The Footfalls The Canon
Lying in a bedstead made of ebony,
with coral eagles blazoning the wood,
sleeps Nero, — unconscientious, calm, content;
exalted by the virtue of the flesh,
by the vigour of the sap in youthful veins.
But in the alabaster chamber where
the Ahenobarbi shelter their time-worn
lararium, how diffident his Lares!
The puny household gods, quivering with fear,
try to conceal their unimpressive frames:
for they have heard a sound foreboding doom,
a deadly sound ascending the high stair —
footfalls of iron hammering the steps.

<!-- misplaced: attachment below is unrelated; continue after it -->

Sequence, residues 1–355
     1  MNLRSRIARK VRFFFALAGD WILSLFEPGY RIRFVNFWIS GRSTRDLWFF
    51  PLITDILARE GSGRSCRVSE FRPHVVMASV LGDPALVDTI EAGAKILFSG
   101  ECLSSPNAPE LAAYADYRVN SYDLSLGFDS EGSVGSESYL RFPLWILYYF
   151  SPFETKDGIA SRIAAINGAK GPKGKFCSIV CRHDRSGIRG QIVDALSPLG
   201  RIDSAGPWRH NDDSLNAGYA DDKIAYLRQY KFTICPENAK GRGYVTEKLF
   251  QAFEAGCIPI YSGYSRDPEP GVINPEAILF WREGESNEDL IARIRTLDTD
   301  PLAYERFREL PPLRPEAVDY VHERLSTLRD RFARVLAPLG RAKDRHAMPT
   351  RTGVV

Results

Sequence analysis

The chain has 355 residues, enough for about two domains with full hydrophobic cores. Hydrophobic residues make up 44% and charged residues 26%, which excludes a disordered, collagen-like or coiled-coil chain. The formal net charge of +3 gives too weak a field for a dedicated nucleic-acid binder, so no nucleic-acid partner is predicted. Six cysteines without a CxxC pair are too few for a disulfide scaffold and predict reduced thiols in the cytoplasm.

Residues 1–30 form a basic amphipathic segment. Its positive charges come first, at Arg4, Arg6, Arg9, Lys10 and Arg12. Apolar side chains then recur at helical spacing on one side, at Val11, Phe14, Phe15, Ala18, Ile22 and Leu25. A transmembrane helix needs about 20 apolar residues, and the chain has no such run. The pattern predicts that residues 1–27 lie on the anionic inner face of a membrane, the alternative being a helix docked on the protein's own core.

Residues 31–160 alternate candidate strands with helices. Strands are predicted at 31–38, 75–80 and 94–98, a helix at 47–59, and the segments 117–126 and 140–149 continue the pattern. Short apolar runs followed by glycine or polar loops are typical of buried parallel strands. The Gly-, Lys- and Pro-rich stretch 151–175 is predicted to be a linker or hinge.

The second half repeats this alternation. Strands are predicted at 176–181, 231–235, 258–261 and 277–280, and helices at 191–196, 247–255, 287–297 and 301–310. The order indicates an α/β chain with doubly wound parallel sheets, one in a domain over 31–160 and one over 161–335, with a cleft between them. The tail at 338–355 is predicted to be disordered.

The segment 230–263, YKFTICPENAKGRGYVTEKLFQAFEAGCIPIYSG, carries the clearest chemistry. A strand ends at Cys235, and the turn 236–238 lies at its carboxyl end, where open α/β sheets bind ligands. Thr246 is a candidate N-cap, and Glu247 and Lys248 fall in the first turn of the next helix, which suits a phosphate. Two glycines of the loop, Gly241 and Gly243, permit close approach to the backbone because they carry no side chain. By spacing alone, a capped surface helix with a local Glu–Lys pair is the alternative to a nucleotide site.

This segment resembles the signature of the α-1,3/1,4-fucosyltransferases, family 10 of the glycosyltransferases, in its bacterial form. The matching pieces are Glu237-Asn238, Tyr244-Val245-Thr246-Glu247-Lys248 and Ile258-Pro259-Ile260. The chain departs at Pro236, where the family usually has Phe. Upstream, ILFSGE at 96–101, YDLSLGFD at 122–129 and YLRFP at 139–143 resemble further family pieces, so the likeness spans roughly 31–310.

And terror-stricken now the wretched Lares
huddle in the depths of the lararium;
they stumble, and they tumble one another, —
one puny god upon another falls:
for they perceive the manner of the sound,
they know the footfalls of the Erinnyes.

Translated by John Cavafy

(Poems by C. P. Cavafy. Translated, from the Greek, by J. C. Cavafy. Ikaros, 2003)

- Original Greek Poem

- Translation by Edmund Keeley/Philip Sherrard